Assuming your pet’s rabies vaccinations are kept up to date repeat vaccinations for further trips to the EU or Northern Ireland aren’t necessary.

Taking a UK pet to a non-EU country

Taking a dog, cat or ferret to a non-EU destination is different. You will be required to get an export health certificate (EHC) and complete an export application form (EXA).

This must be done through your vet and requirements will vary depending on the country.

What about pet owners in Northern Ireland?

Taking your pet from Northern Ireland to the European Union

For residents of Northern Ireland who still require the old PETS system there are different criteria required depending on the destination but within the EU the regulations are standard:

  • A blood test
  • Vaccination against rabies, which can only be done after the animal is three months old. Travel is permitted after 21 days of the vaccination
  • Dog must be treated for tapeworm and ticks, which must be certified by your vet.
  • Written and signed proof of residency
  • An official PET certificate
  • The pet passport has to be renewed every two to three years, depending on the rabies vaccine used. Discuss renewal with your vet if you are unsure about when it will need renewing.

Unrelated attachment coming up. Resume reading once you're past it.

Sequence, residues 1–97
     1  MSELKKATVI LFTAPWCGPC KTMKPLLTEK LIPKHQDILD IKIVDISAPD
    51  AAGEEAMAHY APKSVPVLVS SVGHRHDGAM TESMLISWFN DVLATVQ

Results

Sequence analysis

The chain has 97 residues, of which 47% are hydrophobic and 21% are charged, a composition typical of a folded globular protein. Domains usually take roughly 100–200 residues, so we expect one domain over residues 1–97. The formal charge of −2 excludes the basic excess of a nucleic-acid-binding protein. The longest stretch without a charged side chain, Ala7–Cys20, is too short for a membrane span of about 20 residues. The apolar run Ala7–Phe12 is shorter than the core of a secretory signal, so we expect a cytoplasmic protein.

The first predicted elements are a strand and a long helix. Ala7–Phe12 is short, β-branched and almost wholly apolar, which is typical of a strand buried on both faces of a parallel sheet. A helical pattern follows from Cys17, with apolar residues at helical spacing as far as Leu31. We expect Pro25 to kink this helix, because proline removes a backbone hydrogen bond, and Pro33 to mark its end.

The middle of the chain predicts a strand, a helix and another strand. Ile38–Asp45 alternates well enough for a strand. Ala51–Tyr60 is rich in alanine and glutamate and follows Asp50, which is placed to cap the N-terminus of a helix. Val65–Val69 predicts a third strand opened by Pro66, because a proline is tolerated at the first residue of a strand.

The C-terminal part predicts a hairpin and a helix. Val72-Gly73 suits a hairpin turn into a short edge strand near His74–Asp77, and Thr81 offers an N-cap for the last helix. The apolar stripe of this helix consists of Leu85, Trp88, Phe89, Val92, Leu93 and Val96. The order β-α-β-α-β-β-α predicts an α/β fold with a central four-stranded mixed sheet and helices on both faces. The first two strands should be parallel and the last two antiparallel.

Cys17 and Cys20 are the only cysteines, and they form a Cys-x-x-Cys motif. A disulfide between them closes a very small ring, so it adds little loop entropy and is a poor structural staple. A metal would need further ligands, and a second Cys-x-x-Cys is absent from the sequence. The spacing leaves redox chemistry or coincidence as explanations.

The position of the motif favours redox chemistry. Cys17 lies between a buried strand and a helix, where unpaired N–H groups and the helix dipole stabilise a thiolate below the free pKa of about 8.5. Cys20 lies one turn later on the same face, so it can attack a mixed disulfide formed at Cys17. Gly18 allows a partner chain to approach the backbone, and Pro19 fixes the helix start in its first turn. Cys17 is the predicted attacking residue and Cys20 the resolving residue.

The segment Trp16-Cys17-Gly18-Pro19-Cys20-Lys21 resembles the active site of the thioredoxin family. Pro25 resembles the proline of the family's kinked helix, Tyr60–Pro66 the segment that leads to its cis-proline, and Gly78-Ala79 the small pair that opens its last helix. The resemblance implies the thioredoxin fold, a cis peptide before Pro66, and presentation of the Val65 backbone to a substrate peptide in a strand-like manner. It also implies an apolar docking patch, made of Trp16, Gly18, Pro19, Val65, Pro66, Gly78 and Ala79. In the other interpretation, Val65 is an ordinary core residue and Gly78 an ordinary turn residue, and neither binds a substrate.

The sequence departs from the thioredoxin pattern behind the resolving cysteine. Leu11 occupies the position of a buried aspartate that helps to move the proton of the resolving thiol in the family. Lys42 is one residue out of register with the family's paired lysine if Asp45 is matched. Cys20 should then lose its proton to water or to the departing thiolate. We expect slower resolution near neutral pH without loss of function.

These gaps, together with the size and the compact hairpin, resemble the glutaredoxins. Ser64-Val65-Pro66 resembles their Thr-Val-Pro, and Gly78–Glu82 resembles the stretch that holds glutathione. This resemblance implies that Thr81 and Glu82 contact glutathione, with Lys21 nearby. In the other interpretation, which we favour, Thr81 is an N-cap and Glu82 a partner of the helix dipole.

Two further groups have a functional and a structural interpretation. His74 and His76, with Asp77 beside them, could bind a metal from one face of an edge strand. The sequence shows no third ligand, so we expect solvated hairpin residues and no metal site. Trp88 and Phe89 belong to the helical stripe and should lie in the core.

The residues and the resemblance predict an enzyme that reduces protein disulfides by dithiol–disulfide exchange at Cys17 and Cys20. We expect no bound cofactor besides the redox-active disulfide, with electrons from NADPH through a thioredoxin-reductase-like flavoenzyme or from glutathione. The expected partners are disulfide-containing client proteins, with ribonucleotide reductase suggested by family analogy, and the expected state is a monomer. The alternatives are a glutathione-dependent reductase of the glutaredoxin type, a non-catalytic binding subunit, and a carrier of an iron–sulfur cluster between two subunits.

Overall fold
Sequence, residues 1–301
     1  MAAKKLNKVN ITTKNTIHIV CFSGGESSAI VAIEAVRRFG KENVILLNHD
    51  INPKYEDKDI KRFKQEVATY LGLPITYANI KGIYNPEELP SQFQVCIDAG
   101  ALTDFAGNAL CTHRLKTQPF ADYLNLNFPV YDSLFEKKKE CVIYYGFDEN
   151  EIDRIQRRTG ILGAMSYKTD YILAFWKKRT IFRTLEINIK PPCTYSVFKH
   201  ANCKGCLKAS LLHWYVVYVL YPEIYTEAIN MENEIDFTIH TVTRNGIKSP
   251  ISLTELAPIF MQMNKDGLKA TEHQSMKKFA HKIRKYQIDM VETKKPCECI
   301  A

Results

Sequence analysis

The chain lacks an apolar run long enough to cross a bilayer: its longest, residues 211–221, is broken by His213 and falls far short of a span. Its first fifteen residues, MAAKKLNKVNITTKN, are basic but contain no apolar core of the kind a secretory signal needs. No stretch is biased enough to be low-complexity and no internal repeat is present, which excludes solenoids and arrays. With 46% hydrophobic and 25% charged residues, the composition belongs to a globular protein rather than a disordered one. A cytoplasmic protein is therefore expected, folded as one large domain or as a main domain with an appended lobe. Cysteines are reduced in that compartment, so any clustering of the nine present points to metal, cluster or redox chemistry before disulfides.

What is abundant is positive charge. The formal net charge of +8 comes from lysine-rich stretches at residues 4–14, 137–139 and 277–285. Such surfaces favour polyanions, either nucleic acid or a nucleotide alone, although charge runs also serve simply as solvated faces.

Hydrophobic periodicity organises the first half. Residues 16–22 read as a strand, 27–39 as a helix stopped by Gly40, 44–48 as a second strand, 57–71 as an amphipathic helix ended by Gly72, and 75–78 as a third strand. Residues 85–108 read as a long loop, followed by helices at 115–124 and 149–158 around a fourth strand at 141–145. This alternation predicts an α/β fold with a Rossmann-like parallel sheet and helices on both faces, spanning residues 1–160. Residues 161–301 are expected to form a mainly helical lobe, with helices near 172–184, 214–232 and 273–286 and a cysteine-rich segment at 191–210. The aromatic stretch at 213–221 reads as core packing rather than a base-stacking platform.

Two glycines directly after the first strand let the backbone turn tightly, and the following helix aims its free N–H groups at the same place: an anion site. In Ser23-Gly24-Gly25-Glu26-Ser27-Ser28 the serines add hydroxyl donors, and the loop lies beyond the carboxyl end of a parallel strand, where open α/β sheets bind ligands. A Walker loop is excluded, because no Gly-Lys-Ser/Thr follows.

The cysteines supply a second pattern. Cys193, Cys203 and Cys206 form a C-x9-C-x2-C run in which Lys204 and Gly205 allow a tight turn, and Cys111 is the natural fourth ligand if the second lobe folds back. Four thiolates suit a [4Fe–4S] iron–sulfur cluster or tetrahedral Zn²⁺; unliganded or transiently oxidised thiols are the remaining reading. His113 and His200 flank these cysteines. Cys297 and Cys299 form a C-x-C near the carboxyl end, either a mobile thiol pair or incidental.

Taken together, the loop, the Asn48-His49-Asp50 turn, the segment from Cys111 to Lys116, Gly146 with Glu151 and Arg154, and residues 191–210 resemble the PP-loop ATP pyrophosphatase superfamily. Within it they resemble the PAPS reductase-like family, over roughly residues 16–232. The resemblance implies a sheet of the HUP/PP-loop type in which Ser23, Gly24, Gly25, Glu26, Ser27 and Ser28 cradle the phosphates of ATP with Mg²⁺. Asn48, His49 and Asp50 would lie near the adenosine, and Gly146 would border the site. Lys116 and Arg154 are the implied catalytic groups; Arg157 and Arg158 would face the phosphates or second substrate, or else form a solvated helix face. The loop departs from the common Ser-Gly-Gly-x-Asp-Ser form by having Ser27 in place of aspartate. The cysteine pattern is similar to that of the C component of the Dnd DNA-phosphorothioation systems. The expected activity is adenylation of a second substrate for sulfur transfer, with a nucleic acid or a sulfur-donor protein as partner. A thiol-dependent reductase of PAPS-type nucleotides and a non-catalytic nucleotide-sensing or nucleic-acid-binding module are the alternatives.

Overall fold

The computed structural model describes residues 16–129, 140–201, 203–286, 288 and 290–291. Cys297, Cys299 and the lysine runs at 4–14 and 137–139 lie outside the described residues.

• Whether you are taking your cat or dog abroad the animal should be chipped for identity as a matter of course. It is relative inexpensive; indeed it’s often free when part of a pet insurance of if you acquire a cat or dog from a rescue shelter or similar animal charity. Check that the microchip matches International Standards Organisation specification 11784 which is most commonly used across Europe. Check with your vet if you are going further afield.

Pet passports can be acquired from certain EU vets, and if your vet does not provide this service they should be able to recommend the nearest vet who does.

Taking your pet from Northern Ireland to Great Britain

Travelling from NI to GB needs to follow EU requirements, and EU Pet Passports will be available from vets. Read more on the specific rules around travelling to and from Northern Ireland with your cat, dog or ferret, and find out which veterinary practices are participating in the Pet Passport Scheme from DEARA.NI.

Insurance cover

Ensure that your pet is covered not only for vets’ fees in the case of accident or illness contracted abroad but that you have public liability cover for any accident or damage your pet may cause while abroad. Your domestic policy should cover such eventualities at home but not necessarily abroad. Ensure that you have cover and that you have it in writing, not simply the word of an insurance customer care person on the phone.

Find out about Saga Pet Insurance


How much does taking a pet abroad cost?